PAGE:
Blocking wires are seriously the best. :)

Saturday, June 3, 2017

It's Makealong time!

I've teamed up with nine other knit and crochet designers and five indie dyers to produce a collection of summer accessory patterns, the Progress, Hope, and Happiness collection. My contribution is the Budburst shawl, a profusion of leafy lace in a pretty speckled yarn which was dyed specially for the occasion (you can find out all about it in my previous post).

One of the designers, Denise Voie de Vie, created this beautiful look book for the collection:

You can read about the inspiration behind the event and our journey in putting it all together on Denise's blog here and here. The designs are individually published by each designer, but you can see the whole collection here on Ravelry: Progress, Hope, and Happiness Designs.

I'm co-hosting a Makealong for these designs from June 1st to July 16th, complete with prizes and even some surprises. I hope you'll join us!

These are a few of my favourites from the collection:

Breeze of Happiness by Tanja Osswald

Dusk On TheMoor Shawl by Solène Le Roux

Chiguroo by Lana Jois

From Dusk To Dawn by Christelle Nihoul

This has been so cool to be a part of, and the Makealong is just beginning! Hope to see you over in the Ravelry group. :)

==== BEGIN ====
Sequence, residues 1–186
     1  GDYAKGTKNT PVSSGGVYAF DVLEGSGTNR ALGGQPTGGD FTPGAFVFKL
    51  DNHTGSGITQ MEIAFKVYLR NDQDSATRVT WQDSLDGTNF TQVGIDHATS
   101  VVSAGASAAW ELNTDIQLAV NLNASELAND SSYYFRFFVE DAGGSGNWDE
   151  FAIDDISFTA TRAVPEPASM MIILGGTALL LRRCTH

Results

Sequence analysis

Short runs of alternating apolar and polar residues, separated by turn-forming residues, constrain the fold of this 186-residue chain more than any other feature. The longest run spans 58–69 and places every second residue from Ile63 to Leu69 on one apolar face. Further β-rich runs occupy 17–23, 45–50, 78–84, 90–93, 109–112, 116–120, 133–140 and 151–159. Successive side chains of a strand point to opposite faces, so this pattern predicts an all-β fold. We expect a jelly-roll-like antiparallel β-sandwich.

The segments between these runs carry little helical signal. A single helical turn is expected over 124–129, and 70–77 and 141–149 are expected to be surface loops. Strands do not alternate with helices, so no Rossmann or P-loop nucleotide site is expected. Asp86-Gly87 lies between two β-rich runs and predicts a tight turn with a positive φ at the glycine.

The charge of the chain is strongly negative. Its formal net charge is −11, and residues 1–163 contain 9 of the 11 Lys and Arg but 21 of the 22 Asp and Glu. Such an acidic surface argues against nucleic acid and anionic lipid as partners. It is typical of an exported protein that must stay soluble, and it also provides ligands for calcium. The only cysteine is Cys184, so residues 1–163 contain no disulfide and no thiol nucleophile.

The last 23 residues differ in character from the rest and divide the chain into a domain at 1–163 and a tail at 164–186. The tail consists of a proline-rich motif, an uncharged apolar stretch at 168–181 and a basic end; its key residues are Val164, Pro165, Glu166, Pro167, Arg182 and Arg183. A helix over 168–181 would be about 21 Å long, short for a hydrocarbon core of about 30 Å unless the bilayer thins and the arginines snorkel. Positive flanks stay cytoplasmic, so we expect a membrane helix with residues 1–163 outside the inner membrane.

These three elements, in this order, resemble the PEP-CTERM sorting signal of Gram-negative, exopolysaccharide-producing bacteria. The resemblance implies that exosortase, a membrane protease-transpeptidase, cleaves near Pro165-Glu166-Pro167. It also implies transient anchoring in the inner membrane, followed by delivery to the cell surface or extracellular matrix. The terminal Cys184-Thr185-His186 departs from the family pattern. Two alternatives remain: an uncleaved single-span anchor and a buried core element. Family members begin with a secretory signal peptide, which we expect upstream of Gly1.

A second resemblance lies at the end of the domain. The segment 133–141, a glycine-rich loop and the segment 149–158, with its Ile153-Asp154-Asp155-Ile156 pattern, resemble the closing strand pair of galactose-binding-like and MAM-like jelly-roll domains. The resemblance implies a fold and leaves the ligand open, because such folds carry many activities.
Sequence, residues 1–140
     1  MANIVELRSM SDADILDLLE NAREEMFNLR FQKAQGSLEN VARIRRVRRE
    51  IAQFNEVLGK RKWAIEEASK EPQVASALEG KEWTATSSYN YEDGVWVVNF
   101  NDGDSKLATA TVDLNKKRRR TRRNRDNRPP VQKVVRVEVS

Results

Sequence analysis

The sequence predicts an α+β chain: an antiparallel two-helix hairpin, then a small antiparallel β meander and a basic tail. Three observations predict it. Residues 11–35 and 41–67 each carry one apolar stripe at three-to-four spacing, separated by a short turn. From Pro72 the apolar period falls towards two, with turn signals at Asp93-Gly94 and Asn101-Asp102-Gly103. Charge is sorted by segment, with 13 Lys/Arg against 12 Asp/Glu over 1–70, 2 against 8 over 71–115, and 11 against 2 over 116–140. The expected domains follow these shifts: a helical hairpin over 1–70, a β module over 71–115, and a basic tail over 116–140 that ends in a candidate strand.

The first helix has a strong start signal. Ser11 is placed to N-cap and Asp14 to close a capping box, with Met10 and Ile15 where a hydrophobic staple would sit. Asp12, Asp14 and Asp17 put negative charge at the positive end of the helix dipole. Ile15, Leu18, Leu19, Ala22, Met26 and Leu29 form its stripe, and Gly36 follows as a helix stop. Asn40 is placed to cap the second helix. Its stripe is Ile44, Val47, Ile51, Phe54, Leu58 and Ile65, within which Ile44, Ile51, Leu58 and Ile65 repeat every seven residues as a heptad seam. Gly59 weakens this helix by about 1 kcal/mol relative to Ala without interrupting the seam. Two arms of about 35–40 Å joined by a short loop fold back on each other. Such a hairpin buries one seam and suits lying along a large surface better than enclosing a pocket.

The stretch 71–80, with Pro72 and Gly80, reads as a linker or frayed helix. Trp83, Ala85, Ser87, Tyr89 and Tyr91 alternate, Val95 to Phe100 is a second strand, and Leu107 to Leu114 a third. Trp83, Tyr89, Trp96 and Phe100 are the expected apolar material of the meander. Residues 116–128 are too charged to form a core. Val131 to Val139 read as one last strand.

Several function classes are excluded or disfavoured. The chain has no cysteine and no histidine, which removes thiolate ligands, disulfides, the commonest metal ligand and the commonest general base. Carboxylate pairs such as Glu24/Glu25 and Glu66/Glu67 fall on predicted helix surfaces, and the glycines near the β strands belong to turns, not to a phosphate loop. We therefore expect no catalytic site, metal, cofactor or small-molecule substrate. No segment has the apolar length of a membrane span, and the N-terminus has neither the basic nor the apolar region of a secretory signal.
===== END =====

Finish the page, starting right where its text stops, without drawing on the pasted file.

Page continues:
Friday, June 2, 2017

New pattern: Budburst

Who's ready for more lace? I've just released a new asymmetrical shawl, named Budburst for its leafy lace pattern and the magical way it blooms during blocking. I think it's the prettiest thing I've made in a long time. :)

Budburst's stitch pattern blocks out into light and delicate leaves, but during knitting it forms a really cool bobbly texture. The transformation from bobbles to leaves reminded me of leaf buds unfurling in spring.

The gently-speckled yarn is a fingering-weight Merino Single in 'Dawn', by the Swiss dyer Sidispinnt. I adore using single-spun yarn for shawls, as it holds its blocking really well. I find plied yarn can bounce back again over time, especially if it has a tight twist like some sock yarns. I'm seeking out singles and silk-blend yarns for my shawls more and more these days, to make sure I get a really nice drape.

Dad and I took these photos above the Ōhope hill during my April trip to New Zealand - we found the perfect grassy paddock with flowering mānuka bushes and a view of the beach down below. The one downside was the thistles, which kept managing to spike me through my jeans!

  • an all-over lace pattern of delicate leaves
  • intuitive stitch pattern, with 'rest' rows on the wrong side
  • an optional picot bind-off (see my tutorial here)
  • knit sideways from point to bind-off edge
  • easy to scale up or down by altering the number of repeats
  • requires two skeins of fingering-weight yarn
  • suitable for speckled, semi-solid, or gradient-dyed yarn
  • pattern includes full written instructions as well as charts.

You can see all the details and download the Budburst pattern on Ravelry.

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This design is part of the Progress, Hope, and Happiness collection, a celebration of summer from ten designers and five indie dyers. I hope you’ll join us for the make-along, which runs from June 1st to July 16th!